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How to tell if you’re an emotional shopper

Shopping when you’re tired, depressed or need a confidence boost – how often are you buying stuff to fill an emotional hole? Brigid Moss finds out

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By Brigid Moss on

Sweaty, tense, slightly panicked, I searched the aisles of & Other Stories in Regent Street, looking for a dress for that evening’s black-tie dress code. I had my old faithful (well, worn four times) year-old green leopard-print dress ready to wear in my bag, but perhaps I’d find a better one? One that might make me feel more put together, positive, less nervous?

If I had found a dress that looked halfway decent on me – I didn’t – I would have stuck it on my card without question. A few days later, I found out why, when I spoke to Canadian personal-finance writer Cait Flanders. I discovered I'd been “emotional shopping”.

Flanders has explored shopping reasons and habits in a pretty extreme manner. In her book, The Year Of Less, she writes about how she gave up shopping totally for – you’ve guessed it – a full year.

At the time, her motivation was that she was failing to save and couldn't understand why. But, underneath, she says it “wasn’t about saving money. I had a nice apartment and all the basic things you’re supposed to have, I spent time with friends, did a little travelling. But I just wasn’t happy.” Going cold turkey, she realised that shopping wasn't about the stuff – it was about how she felt about herself. So, if you think that might be you, ask yourself these questions:

Are you buying for you or a perfect version of you?

“I realised that I used to buy things for this ideal version of myself – but then I never used them. I had wasted thousands of dollars on things I thought would make me smarter or more beautiful or interesting or creative. It didn't work, because I didn't actually want those things – I just wanted what they offered/represented. So, I really had to learn how to accept myself for who I was, even if my interests and hobbies weren't as ‘cool’ as I thought they should be. I used to think things like, ‘If I read more of the classics I will be more interesting.' ‘If I read this book, I’m going to be this kind of person, it’s going to help me do this thing.’ Buying it, we think we’ve done the work.”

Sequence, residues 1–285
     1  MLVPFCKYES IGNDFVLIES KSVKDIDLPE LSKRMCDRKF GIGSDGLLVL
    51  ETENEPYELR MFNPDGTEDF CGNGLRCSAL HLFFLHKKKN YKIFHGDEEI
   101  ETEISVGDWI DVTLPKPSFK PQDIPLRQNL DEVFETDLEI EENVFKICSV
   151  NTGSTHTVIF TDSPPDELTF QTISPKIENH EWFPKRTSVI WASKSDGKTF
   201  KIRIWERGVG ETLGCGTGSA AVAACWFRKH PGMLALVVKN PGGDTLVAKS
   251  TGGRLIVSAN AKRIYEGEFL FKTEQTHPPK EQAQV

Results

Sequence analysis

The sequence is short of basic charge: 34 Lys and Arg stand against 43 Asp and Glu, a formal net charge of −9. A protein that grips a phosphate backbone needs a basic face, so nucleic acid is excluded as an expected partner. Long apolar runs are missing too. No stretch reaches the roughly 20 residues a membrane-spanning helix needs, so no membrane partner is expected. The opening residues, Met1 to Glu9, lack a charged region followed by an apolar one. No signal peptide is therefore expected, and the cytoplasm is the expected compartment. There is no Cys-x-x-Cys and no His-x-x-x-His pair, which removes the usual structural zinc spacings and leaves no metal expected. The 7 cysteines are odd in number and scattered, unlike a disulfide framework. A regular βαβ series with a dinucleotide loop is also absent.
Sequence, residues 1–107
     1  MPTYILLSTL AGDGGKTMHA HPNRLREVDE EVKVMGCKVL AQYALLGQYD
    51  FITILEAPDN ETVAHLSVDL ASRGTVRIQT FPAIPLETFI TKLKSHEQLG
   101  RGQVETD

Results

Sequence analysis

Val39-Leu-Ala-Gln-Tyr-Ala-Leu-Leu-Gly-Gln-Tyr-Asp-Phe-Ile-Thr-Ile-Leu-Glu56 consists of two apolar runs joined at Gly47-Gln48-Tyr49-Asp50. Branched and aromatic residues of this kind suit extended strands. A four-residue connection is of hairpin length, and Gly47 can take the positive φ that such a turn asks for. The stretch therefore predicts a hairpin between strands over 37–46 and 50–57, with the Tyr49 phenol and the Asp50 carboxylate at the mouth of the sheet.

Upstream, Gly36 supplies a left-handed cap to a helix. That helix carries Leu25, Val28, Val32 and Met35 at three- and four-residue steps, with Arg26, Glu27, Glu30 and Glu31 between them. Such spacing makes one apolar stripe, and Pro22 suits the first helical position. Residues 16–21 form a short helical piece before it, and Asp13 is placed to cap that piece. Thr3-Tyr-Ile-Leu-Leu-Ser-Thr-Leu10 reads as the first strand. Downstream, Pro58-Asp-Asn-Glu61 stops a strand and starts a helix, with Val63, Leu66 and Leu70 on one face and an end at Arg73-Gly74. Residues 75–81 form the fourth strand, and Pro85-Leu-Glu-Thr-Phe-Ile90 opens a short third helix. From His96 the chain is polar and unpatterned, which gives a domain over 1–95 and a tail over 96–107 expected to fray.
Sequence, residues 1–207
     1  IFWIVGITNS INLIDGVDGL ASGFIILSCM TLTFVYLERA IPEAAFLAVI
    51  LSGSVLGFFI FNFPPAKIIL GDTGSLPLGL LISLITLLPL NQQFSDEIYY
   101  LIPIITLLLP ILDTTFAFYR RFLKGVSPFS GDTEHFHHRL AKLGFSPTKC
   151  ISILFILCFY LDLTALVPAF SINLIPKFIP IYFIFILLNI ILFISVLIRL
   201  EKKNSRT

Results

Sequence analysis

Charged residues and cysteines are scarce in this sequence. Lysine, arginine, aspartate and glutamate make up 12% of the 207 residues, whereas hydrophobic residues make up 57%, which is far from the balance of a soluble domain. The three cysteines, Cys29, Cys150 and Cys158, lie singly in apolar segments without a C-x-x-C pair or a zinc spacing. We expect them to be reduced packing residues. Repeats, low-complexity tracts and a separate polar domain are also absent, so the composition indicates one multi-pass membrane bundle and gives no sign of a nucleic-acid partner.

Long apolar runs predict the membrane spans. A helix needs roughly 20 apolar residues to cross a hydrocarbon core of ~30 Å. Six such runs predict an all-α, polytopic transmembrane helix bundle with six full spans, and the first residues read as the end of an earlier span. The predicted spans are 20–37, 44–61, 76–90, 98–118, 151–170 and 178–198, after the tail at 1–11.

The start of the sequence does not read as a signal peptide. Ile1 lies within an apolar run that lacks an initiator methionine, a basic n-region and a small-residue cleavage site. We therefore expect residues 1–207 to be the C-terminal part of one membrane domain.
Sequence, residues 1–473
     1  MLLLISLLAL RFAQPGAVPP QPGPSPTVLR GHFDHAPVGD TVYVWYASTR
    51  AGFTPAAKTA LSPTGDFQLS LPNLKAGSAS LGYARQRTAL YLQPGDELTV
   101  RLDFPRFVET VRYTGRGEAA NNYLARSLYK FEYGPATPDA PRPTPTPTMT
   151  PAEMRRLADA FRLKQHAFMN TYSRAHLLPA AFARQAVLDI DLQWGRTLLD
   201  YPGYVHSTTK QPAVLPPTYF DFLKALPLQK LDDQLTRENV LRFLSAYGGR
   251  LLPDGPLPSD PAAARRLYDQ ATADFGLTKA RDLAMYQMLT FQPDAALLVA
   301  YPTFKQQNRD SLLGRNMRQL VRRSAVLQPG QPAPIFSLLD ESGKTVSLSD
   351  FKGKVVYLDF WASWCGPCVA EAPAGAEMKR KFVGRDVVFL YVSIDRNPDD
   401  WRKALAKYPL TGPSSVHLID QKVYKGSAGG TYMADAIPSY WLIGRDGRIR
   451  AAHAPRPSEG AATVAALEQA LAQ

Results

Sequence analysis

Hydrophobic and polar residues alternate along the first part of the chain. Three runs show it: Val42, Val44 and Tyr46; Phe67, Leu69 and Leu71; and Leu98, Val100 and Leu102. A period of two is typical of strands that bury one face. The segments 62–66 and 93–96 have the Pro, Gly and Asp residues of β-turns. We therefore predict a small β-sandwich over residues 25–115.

I realised that I used to buy things for this ideal version of myself – but then I never used them. I had wasted thousands of dollars on things I thought would make me smarter or more beautiful or interesting or creative

What to do: Buy for the person you are now. “When I used to buy things thinking I’d look in fashion, most of the time those things didn’t fit me properly. Now I have a uniform: black leggings, Blundstone boots, either a grey sweater, a blue linen shirt or a green flannel shirt.”

Do you go shopping with the intention of buying something particular?

…or did you go to the shop for one or two things, and walk out with five? Flanders says even browsing can be the issue, because “when we browse, we’re going to find things we can buy”.

What to do: “Ask yourself: Have I felt the need for this thing multiple times? Have I been in a situation where I’ve known it would help?” Or are you adding to a pile of stuff to use in the future? “Spending money isn’t bad, but spending feels so much better when you’re going to go home and use it straight away.”

Is what you want to buy in line with your values?

If it’s not, then you’ve gone down an emotional-shopping diversion. “Personal finance is so personal. The things you spend money on and that add value to your life are different from your best friend’s.”

What to do: Think about your goals and values. Would you rather have new trainers or a night out with friends? To save for a trip to Guatemala or invest in a month’s Class Pass?

And the big one: are you feeling crappy?

If I’d found a dress for that black-tie party, for example, it would have been a very expensive sticking plaster for my lack of confidence. Flanders’ ban was most difficult after she broke up with a man she’d been dating for a few months. “I remember that’s when the justifications started. I’d talk myself into all of sudden needing clothes to make me look more together because I felt I was falling apart. My mobile phone was bugging me and I thought I should just get a new one.”

What to do: Ask yourself: What’s going on with me today? How am I feeling? “People think there’s a replacement for shopping. But what you have to learn to do is deal with the feelings underneath the shopping,” says Flanders. “It’s not the most exciting answer. And it is hard.” And ask a friend: “We all have friends who will enable us to make the bad decision, but you need the person who enables you to make the good decision, who tells you this is just a bump in the road.”

Buy The Year of Less: How I Stopped Shopping, Gave Away My Belongings and Discovered Life Is Worth More Than Anything You Can Buy in a Store by Cait Flanders (Hay House, £15.99) here


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Tagged in:
Breathing Space
Mental Health

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